West Lafayette, Indiana
To the Editor:
I found Eugene B. Borowitz’s article interesting and serious. However it seems to me to be lacking in at least three respects. In the first place he never defines the notion of sin, and hence I don’t know what it is that he is or is not taking seriously. Secondly, I don’t know what the meaning of “covenant” and “mitzvah” amount to if various groups can define them or specify them any way they want. Thirdly, I doubt that Borowitz can come up with any specific consequences for social action (other than action for the Jewish community) which will seriously differ from the proposals that would be made by the secularists he denounces. If indeed the last is the case, then Covenant theology is not a general guide—or at any rate not a distinctive one—for action other than action on the Jewish scene, and hence it is a very limited set of ideas.
In all of this I take it for granted that we allow Borowitz not to pose the question about the truth or falsity of his main proposition. By this I don’t mean to raise the old question about naturalism, but the older one about the meaning of theology. I would especially want to know whether Borowitz and his group seriously entertain the view that the idea of the Covenant is to be interpreted literally, or equally seriously, only metaphorically. And if the latter, they should be explicit not simply for the sake of clarity but also to see how seriously Jews take theology.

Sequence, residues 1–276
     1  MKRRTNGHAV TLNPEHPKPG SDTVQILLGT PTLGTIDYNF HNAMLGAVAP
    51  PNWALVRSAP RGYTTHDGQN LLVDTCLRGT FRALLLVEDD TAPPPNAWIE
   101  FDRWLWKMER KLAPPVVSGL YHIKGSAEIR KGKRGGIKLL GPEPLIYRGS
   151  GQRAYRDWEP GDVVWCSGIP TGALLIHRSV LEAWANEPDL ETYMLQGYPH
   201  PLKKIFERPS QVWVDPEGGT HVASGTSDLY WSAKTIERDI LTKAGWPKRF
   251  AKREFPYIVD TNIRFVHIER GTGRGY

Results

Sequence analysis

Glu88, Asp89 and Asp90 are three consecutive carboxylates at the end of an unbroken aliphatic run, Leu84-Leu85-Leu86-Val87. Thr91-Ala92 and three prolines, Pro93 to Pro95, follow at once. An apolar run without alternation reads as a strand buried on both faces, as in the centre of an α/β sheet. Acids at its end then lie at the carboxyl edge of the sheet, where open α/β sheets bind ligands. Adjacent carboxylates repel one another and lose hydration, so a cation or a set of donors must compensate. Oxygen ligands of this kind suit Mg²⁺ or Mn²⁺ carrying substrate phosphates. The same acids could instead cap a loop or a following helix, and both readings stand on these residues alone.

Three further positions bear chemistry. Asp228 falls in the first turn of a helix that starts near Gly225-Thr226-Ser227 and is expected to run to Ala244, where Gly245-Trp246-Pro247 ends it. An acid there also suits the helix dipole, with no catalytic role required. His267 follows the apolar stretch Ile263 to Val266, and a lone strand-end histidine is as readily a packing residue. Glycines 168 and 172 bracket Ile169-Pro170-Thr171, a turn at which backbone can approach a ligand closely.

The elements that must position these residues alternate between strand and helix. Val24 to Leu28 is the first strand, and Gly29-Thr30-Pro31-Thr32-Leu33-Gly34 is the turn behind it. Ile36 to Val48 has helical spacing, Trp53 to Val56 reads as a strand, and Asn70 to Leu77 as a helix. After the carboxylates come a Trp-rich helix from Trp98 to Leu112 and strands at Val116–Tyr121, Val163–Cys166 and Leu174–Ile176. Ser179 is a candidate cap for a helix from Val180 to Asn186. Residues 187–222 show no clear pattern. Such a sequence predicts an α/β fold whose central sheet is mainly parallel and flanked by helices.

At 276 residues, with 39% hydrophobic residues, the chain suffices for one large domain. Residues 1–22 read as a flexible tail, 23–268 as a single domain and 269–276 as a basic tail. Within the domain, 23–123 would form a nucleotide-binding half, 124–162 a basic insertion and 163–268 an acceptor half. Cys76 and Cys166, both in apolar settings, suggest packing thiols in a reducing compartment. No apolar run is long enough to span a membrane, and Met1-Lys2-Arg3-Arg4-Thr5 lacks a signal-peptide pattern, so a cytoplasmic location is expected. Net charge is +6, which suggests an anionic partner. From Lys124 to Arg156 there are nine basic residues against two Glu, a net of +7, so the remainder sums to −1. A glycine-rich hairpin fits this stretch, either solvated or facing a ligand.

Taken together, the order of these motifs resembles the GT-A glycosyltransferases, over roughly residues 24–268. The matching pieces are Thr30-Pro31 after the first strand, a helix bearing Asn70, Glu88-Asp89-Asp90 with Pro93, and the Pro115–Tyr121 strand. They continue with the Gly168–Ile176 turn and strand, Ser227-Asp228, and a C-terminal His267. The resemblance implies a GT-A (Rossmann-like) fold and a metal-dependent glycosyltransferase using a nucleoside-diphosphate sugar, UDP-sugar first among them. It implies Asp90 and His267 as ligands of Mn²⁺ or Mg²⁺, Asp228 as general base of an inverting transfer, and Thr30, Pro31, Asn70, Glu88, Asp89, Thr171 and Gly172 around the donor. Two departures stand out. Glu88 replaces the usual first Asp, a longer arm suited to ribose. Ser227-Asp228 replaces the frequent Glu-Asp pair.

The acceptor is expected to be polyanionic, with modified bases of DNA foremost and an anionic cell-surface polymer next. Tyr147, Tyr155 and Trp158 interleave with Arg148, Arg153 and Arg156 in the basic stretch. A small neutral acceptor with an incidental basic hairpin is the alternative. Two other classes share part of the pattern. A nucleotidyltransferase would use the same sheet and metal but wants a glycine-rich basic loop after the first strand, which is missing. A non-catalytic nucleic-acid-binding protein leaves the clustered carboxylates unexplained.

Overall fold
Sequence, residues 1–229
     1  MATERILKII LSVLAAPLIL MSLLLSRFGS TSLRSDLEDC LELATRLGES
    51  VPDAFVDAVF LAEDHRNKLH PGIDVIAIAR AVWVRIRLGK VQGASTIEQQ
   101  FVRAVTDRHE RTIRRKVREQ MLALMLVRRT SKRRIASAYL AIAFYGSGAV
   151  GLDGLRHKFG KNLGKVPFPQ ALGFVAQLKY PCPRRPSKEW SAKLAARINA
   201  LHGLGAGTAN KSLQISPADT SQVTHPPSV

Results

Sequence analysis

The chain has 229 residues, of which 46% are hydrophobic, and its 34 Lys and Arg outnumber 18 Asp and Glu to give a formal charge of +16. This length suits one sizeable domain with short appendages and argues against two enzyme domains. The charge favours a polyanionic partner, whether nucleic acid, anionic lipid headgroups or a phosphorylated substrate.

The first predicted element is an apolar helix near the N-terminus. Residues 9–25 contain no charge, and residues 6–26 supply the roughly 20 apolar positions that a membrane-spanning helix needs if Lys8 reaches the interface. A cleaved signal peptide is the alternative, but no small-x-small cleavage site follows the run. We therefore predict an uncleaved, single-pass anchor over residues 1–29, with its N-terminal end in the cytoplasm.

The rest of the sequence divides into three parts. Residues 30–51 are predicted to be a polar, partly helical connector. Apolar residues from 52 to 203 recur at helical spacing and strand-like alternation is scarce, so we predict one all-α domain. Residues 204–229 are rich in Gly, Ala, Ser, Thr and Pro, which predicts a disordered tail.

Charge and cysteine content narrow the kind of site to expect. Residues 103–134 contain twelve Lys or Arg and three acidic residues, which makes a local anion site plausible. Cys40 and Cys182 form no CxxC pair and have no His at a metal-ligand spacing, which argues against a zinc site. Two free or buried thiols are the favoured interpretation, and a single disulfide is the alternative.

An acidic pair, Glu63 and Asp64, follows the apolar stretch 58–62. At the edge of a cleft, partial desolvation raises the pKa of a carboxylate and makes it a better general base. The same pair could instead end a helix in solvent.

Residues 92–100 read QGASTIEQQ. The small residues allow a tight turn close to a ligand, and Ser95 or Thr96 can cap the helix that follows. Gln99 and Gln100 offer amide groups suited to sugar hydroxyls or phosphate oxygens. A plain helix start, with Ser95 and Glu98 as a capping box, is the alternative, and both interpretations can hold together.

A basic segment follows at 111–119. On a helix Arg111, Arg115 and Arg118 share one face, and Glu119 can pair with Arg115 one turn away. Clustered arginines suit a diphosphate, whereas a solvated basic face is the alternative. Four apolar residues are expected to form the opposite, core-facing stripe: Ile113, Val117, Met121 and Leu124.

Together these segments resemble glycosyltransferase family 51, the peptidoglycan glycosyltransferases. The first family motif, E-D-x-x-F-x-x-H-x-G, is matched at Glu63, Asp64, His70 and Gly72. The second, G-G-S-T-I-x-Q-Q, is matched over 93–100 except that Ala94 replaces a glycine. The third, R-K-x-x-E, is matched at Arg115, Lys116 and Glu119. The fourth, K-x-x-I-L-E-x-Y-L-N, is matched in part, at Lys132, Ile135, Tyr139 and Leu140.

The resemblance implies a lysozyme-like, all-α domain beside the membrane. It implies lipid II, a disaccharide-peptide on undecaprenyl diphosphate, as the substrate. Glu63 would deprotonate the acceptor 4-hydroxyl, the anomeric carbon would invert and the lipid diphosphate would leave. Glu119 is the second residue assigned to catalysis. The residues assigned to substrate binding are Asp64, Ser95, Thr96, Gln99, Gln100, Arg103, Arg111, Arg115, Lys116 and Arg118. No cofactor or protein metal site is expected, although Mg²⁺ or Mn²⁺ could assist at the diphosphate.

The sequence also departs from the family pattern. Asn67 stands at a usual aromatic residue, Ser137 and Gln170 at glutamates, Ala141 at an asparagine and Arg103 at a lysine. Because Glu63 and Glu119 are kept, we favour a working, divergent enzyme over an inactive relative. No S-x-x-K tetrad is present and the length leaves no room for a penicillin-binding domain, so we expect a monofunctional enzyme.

I finally want to mention that Borowitz’s article contains some phrases which on his own account are meaningless, e.g., “redeem history”—and some horrible views about God—e.g., He will decimate those who don’t keep His Covenant.
All in all, I think that Covenant theology is just a little too good to be true. It says that we owe a debt to God because we contracted it, and we will be punished—but not too much—if we don’t. And the Utopian thinking about the end of time is not for me.
Department of Philosophy
New York City
Rabbi Borowitz writes: